In a case recently under consideration by the Commonwealth of Massachusetts Appeals Court, the defendant was a woman who had been convicted on criminal charges (larceny and identity fraud) in 2008. She was sentenced to two years of probation and ordered to pay $28,200 in restitution, at rate of at least $100 per month. The defendant’s probation was extended several times, and her monthly restitution obligation was adjusted both upwards and downwards at various times. In February 2017, the defendant was still on probation and still owed over $14,000 in restitution.

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In a Cape Cod criminal case, the Commonwealth has the burden of proving the defendant guilty beyond a reasonable doubt. If police acted illegally during the arrest or investigation of the case, it may be possible to have certain evidence excluded at trial.

Even if a defendant is convicted, a case may be reviewed on appeal. It is not unheard of for an appellate court to disagree with a trial court as to whether the evidence introduced at trial was sufficient to support the defendant’s conviction.

Facts of the Case

In a case recently reviewed by the Massachusetts Appeals Court, a criminal defendant was convicted of several crimes involving the unlawful possession of a firearm. He sought reversal of his conviction on appeal, arguing, among other things, that police had violated the Fourth Amendment by conducting an illegal search and seizure and that there was insufficient evidence to support certain aspects of his conviction.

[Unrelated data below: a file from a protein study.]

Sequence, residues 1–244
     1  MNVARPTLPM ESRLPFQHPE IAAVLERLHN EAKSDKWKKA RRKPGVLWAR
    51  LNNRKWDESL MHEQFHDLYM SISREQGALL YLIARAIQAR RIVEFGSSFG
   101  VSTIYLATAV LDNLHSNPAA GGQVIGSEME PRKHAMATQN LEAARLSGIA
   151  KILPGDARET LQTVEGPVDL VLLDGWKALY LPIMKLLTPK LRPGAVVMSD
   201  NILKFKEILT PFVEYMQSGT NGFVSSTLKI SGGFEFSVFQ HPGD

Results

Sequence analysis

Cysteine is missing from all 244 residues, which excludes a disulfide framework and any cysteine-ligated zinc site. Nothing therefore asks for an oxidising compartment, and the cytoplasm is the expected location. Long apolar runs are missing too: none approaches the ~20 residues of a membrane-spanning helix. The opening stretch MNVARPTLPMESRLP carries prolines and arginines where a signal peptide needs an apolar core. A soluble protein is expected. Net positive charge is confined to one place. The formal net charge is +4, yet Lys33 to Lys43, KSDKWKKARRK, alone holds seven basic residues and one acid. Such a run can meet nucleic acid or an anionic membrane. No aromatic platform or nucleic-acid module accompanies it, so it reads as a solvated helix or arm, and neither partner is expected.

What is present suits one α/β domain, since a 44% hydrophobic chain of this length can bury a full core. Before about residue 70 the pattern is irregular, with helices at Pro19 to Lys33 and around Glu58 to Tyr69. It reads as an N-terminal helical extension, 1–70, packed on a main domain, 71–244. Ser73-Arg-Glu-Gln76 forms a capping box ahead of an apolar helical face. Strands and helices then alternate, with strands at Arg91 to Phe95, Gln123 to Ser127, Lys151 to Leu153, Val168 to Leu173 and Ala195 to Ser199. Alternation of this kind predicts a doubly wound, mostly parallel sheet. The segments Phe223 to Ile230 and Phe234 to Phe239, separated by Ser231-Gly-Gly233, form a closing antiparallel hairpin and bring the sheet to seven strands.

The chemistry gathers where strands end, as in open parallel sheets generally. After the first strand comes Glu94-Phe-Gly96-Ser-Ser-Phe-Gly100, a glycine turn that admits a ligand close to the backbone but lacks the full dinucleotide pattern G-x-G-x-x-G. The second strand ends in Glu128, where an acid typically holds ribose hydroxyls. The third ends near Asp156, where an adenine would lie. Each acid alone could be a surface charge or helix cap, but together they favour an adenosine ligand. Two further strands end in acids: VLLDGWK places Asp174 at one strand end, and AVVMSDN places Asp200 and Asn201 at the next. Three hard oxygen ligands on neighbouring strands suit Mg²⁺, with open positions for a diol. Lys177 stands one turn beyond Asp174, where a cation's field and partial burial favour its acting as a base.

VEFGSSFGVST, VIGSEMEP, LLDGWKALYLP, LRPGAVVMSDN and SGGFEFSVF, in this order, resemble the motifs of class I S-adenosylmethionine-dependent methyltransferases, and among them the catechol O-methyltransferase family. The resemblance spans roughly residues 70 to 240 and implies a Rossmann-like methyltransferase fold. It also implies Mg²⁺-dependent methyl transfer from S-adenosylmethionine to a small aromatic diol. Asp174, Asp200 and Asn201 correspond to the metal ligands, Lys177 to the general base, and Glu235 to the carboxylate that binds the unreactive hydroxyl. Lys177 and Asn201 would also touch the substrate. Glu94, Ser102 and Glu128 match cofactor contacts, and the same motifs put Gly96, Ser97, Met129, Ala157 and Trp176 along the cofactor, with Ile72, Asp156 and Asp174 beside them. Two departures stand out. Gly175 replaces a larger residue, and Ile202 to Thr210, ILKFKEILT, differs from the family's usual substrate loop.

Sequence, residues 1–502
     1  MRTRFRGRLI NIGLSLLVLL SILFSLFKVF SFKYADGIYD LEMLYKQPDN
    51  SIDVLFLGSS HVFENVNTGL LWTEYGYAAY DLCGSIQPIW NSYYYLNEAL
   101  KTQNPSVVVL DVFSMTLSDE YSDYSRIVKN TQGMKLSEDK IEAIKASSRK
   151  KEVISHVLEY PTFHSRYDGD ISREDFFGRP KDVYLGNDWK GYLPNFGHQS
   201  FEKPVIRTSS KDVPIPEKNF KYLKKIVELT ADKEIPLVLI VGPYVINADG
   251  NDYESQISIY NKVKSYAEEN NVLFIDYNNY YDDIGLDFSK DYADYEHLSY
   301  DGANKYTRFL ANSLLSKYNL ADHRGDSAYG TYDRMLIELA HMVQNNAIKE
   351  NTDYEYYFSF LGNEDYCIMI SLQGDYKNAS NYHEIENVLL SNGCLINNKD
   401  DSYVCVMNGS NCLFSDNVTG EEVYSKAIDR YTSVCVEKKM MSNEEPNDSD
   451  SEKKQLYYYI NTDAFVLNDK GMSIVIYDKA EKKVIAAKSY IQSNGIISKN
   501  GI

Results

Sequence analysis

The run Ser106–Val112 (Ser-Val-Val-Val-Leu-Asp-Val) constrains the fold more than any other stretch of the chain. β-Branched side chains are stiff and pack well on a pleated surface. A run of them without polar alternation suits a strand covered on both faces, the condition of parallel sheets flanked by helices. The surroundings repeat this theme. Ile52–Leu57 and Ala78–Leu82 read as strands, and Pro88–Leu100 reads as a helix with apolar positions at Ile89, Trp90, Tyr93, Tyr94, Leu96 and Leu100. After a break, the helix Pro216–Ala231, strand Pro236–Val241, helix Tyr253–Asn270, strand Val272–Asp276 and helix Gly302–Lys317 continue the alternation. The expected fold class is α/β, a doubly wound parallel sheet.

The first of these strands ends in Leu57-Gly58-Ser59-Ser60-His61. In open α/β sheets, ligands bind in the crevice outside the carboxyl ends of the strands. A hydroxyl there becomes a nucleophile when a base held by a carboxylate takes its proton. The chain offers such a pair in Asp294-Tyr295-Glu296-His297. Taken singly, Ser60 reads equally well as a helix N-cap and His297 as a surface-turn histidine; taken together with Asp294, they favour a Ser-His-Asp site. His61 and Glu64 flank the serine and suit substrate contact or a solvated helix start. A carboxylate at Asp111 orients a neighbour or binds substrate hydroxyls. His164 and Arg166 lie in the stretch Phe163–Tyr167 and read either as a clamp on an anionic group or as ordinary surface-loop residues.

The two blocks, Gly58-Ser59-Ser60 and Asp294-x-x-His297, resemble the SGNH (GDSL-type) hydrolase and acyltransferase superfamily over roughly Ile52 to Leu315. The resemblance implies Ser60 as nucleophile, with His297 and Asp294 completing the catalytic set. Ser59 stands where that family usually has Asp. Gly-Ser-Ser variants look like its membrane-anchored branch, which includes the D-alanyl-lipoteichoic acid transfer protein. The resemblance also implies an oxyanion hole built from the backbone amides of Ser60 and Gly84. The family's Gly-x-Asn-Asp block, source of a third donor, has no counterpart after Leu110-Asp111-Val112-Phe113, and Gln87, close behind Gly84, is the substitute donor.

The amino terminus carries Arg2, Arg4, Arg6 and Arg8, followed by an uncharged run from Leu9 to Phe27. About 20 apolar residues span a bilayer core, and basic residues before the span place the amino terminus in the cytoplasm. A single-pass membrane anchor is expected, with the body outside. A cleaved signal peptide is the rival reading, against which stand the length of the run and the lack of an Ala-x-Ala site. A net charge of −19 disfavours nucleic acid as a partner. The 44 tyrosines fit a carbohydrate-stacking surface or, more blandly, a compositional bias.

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If you are like millions of other Americans, you probably have a cell phone in your hand or in your pocket right now. As any Massachusetts criminal defense attorney can tell you, there is a lot of data on your cellphone that, potentially, could be used against you in court if you are accused of a crime.

What you may not know is that all of the potentially incriminating data is not on your phone itself. Wireless carriers across the country log a time-stamped record of each cell site and sector each time a cellphone connects to a cell site, thereby providing a very detailed record of a user’s whereabouts.

It is important to note that this doesn’t just happen when the user is making a phone call or sending a text message; the average smart phone taps into a wireless network at least once a minute any time the signal is on, even if the phone is not being used for calling, texting, or searching the internet at that moment.

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A person who has been accused of committing a crime has the right to remain silent. As any Cape Cod criminal defense attorney can tell you, exercising this right is vitally important.